Many other animals, including humans, have similar mechanisms to keep their populations within the limits of their food resources. The evolutionary origins of human territoriality and its function for population regulation in human societies can be seen in the social behaviour of monkeys and apes that live in groups and exclude all other individuals of the same species from their territory. Although the detailed social organization of monkeys and apes varies enormously from one species to another, it is common for males to be hostile when encountering members of another group, killing infants in the other group if they have the opportunity. When food is abundant, females with young tend to stay in the middle of their territory, where they are safe from dangerous encounters with neighbouring groups. However, if food is scarce, females can be forced to seek food near the edge of their territory, where their young are vulnerable. Moreover, females under stress frequently neglect their offspring. As a consequence, infant deaths tend to increase when there are too many individuals for food resources in the territory, and the population declines. This is a negative feedback loop that keeps the population within the limits of its food supply.
Figure 3.9 shows how traditional human societies have used negative feedback to keep their populations below carrying capacity so that they are not regulated by starvation. When human populations grow close to their carrying capacity, it is common for land, food, irrigation water or other resources to become scarce. An increase in population leads to a reduction in resources. This leads to human actions that reduce the population by reducing births or increasing deaths (usually infant deaths). In many societies, particularly on islands, the feedback loop in Figure 3.9 has been a conscious one. In other societies the mechanisms for reducing births may have been part of the cultural fabric without a conscious connection to population and carrying capacity. Whatever the details, the negative feedback loop has been powerful. High death rates - based on an image that the life of primitive humans was ‘short and brutish’ - are not sufficient to explain the infinitesimally slow increase of human population for more than 50,000 generations.
Figure 3.9 - Negative feedback loops for social control of human population
Humans of the past survived within small-scale territories. Many traditional societies have territories of similar sizes today. Inhabitants of small-scale territories have a detailed knowledge of their area and the number of people it can support, and employ traditional birth control methods to keep their population within that limit. Breast-feeding makes a major contribution to birth control because women are generally not fertile during the period in which they are nursing a baby, and in some cultures they sleep apart from their husband during this time. The traditional custom of breast-feeding a baby for three to four years provides a natural spacing of children. Unfortunately, this custom is disappearing as modern mothers bottle-feed their babies instead of nursing them.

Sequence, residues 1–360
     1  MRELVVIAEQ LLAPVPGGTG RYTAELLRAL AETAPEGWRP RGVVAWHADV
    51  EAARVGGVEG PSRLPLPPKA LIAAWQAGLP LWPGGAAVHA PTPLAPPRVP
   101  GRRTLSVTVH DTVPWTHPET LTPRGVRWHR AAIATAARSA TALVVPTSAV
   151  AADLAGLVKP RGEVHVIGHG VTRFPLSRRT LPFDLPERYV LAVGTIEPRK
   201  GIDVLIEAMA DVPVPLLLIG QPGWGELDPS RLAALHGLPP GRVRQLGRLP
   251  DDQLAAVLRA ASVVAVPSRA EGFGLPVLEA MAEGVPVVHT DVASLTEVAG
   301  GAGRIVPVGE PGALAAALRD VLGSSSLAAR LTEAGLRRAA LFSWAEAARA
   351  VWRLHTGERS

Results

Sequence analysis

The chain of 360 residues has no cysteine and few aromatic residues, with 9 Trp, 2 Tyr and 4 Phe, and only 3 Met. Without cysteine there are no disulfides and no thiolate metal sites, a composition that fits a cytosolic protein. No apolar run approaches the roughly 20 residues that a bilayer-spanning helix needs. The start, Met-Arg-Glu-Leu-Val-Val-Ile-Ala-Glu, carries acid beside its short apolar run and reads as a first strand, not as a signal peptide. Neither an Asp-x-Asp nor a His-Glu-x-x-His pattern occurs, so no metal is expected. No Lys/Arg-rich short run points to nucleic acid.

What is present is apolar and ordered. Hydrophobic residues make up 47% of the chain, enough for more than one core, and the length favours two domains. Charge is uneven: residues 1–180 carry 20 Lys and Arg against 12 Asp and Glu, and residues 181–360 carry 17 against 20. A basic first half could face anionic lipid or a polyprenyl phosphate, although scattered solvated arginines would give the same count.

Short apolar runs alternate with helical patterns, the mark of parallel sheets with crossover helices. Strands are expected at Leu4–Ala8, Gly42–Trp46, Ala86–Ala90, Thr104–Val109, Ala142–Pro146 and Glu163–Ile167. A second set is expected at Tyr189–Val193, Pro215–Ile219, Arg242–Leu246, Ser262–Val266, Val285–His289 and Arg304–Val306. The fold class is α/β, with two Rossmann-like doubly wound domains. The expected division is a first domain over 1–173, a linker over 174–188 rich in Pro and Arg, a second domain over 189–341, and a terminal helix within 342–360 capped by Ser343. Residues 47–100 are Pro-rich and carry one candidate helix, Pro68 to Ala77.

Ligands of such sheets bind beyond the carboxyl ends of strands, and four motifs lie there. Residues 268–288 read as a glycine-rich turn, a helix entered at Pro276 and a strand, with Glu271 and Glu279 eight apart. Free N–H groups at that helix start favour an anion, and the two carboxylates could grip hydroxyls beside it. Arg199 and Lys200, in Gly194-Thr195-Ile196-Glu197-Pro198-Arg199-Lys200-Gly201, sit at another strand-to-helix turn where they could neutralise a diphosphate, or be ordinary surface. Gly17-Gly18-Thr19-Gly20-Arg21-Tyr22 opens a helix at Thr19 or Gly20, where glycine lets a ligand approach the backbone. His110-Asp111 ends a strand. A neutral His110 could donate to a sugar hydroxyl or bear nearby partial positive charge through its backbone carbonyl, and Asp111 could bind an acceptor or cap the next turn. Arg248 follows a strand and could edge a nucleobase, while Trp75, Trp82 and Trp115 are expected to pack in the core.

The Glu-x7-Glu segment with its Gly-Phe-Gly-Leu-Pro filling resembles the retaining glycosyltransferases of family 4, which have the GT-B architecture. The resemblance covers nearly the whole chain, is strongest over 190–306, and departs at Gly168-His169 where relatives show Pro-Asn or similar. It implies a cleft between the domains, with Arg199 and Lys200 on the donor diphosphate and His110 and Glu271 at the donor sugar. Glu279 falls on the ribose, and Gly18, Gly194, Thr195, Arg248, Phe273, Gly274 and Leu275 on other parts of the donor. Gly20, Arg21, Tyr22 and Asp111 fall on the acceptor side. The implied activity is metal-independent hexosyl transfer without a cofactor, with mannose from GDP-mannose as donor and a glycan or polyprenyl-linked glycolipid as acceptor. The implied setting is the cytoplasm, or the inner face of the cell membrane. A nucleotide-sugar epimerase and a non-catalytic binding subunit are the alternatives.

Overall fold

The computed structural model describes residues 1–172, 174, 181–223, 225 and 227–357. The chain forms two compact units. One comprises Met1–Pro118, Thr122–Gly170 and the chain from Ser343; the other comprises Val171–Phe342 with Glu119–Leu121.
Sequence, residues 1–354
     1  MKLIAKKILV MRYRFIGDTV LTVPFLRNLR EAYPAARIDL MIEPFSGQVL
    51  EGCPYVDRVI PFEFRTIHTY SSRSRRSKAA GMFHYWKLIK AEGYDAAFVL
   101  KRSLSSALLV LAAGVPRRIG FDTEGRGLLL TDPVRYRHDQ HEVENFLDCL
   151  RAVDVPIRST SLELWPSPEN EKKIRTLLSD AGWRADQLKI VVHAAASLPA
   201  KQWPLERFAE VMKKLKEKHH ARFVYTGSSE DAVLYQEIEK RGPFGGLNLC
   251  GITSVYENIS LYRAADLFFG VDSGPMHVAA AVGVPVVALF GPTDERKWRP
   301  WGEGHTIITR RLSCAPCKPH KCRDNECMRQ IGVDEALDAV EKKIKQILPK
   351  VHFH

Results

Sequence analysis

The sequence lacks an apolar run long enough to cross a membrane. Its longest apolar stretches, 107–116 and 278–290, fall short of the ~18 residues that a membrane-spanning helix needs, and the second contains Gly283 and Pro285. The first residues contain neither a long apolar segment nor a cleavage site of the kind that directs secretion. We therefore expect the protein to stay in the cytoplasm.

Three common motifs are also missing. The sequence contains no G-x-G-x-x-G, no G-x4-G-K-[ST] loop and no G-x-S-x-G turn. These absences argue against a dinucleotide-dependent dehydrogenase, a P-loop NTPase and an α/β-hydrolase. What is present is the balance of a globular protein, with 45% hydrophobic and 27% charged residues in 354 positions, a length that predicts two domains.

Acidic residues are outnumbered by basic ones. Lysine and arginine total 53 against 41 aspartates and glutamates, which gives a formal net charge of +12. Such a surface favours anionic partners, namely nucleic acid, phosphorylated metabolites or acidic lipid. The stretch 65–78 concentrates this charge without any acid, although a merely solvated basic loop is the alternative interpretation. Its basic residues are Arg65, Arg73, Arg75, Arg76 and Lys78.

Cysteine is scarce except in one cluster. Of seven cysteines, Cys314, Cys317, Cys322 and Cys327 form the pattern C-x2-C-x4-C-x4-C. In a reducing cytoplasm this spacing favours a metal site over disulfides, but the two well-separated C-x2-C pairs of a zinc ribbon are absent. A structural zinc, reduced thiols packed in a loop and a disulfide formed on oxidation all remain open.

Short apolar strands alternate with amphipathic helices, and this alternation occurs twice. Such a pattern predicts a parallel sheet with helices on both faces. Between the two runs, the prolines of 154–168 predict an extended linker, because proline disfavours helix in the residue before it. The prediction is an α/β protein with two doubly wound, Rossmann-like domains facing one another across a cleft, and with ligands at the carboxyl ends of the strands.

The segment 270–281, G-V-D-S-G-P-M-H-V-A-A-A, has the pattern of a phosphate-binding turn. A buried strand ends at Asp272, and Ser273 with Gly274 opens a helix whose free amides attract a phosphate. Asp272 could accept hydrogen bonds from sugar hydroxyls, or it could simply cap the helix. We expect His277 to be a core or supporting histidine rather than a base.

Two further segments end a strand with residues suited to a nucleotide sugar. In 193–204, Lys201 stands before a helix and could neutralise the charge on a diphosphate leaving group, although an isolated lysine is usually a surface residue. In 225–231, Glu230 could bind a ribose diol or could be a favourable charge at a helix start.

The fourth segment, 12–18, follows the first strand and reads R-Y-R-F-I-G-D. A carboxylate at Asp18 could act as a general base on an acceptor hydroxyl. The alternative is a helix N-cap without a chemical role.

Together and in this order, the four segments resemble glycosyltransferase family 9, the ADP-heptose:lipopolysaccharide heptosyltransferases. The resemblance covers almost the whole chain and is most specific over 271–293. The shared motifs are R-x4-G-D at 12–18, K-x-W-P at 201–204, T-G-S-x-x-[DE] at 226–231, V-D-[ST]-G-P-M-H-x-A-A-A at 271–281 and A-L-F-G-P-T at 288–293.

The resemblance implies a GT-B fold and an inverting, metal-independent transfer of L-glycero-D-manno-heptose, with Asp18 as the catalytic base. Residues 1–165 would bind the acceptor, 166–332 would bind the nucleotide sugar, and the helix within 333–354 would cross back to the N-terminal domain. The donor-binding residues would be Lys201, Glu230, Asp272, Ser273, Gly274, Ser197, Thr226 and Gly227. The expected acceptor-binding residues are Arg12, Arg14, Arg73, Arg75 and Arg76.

Traditional population regulation is also supported by the marriage structure in some societies. For example, the husband in a polygamous society, a common form of traditional human social organization, can rotate sexual activity with his wives so that each wife becomes pregnant only once every two to three years. Traditional inheritance customs in monogamous societies can have a major effect on marriage and birth rates. For example, in some cultures it was common practice for only one son to inherit the family property. A son with inheritance could afford to marry, but the other sons without inheritance could not. This created a pool of unmarried women, who had far fewer children than married women - similar to birds that do not reproduce if they fail to secure a territory.
Traditional societies use local herbs to prevent pregnancy or induce abortion. Infanticide was common throughout the world until the 20th century, and it is still common in some regions. People kill unwanted infants in order to space their children or when they are unable to care for them because of poverty or food scarcity. Because girls have less social value than boys in many cultures, infanticide is directed primarily toward females, a practice that reduces the reproductive capacity of the subsequent generation more effectively than male infanticide. With recent advances in identifying the sex of unborn children, abortion is also directed toward females in some regions. Modern contraception methods now offer attractive alternatives to abortion and infanticide as a means of family planning.